Logs are often the foundation of metrics and observability infrastructure because they contain business-level statistics that help you and your team make decisions. Without them, it’s impossible to know how often users are hitting errors or how the latencies in your services are varying over time.
If you’re responsible for keeping web servers running, you already know easy access to log messages is critical when troubleshooting issues. Apache provides comprehensive support for logging, and its highly customizable configuration allows you to tailor its logging to your exact needs. You can gain visibility into your web servers by logging everything from the initial request through to the URL mapping process and connection termination. And if this wasn’t enough, third-party modules provide additional logging capabilities such as support for application runtimes including PHP, Java, and CGI programs.
The JSON format is ubiquitous and used everywhere from logging in web apps to message passing for microcontrollers. Thanks to its compact nature and it being easily readable by humans, JSON has become the de facto standard for sharing structured data.
Modern apps and services generate a constant stream of log data capturing the inner workings of the code and how users interact with it externally. Buried inside those logs are golden nuggets of information critical for troubleshooting problems in development and in production.
Managing log files on a single server is a cakewalk, and familiar tools such as grep, tail, and sed can expose the data you need. But it’s a completely different story once you’re working at scale and need to analyze logs across tens, hundreds, or even thousands of machines. In this case, the best solution is to aggregate your logs in the cloud and use a log viewer to analyze your logs holistically. Fortunately, that’s exactly what SolarWinds® Papertrail™ does.
When setting up logging for your apps and services for the first time, it’s natural to want to focus on the content of the messages; you want to make sure you have all the information you need when you use your logs to troubleshoot issues. But picking your log format is just as important.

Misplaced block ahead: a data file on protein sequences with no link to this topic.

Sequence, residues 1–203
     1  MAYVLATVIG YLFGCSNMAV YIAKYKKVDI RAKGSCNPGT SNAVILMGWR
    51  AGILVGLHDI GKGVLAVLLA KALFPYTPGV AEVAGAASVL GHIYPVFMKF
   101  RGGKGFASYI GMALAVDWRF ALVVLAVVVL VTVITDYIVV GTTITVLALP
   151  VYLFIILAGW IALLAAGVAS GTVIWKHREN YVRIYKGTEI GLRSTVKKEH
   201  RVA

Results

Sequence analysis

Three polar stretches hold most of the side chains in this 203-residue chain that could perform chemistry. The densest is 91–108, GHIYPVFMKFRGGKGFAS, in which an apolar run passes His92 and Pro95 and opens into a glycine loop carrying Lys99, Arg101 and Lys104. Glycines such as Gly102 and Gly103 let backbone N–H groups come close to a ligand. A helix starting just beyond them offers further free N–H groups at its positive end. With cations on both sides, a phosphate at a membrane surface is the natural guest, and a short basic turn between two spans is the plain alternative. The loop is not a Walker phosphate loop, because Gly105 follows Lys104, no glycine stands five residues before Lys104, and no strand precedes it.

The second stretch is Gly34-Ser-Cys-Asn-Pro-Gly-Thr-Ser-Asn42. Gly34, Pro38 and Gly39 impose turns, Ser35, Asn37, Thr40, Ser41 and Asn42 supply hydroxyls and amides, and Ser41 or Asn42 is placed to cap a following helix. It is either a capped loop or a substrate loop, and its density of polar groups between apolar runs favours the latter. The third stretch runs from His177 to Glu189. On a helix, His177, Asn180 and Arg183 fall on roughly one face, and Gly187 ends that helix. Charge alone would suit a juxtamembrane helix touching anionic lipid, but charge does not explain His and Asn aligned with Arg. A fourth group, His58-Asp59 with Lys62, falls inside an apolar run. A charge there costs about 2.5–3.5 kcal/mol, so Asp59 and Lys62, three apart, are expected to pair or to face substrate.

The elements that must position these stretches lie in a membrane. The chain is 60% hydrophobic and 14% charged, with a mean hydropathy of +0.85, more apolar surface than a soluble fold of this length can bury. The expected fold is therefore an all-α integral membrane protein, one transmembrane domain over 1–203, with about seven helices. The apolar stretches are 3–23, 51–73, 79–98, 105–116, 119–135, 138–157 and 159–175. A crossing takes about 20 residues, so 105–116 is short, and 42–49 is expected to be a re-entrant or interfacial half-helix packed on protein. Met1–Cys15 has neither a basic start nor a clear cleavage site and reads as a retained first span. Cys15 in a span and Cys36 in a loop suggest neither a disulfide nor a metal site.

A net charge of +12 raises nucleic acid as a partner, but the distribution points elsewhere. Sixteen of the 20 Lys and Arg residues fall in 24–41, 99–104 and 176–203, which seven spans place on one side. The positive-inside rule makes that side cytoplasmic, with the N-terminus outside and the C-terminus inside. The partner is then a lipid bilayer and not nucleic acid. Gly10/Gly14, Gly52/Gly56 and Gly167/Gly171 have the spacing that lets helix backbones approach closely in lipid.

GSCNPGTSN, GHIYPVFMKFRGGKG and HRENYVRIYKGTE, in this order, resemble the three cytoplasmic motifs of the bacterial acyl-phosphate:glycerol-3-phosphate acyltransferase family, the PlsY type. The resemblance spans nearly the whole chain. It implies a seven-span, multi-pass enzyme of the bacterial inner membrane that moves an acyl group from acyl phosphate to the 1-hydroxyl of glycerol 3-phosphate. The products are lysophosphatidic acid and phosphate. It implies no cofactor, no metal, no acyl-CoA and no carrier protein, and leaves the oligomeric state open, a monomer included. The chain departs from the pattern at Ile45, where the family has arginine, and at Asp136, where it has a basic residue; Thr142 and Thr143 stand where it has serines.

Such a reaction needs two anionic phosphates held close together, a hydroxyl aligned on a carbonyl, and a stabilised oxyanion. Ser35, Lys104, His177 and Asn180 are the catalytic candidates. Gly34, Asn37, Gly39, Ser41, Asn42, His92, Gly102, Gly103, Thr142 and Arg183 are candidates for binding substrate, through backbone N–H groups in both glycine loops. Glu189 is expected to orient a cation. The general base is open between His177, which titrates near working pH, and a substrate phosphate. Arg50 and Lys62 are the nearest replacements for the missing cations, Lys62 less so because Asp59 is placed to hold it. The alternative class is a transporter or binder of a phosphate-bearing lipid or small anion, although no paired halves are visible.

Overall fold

Imagine the software you’ve just pushed to production is causing latency spikes for users visiting your web app. Your code passed all the tests but something about running with real-life users has uncovered a bug not previously caught by your automated testing. Now you need to figure out what went wrong and how to fix it.
Modern garbage collectors use sophisticated algorithms to manage unused memory, so you don’t have to. But when things aren’t working right, you need a way to peek under the hood and troubleshoot issues. Analyzing garbage collection (GC) logs can provide key insights into the behavior and performance of programming languages using automatic memory management, such as Java. If you suspect you’ve got a memory problem with your Java app, the GC log is the first place to look.
Wouldn’t it be great if web apps and websites just worked the way they did in testing and staging? Unfortunately, it seems as soon as you release them into the wild, things start going wrong. When you’re getting calls from users or seeing availability alerts, getting your hands on the right data from your IIS logs can make a big difference in how quickly you respond.
Syslog has been around for four decades, and it’s a well-used tool in every DevOps and admin tool kit. The syslog format began as part of the Sendmail project, and it has since become a ubiquitous logging protocol used by hundreds of applications and supported out of the box by most major operating systems. This battle-tested logging format provides all the pieces you need to create actionable log messages and diagnose problems with your apps and services.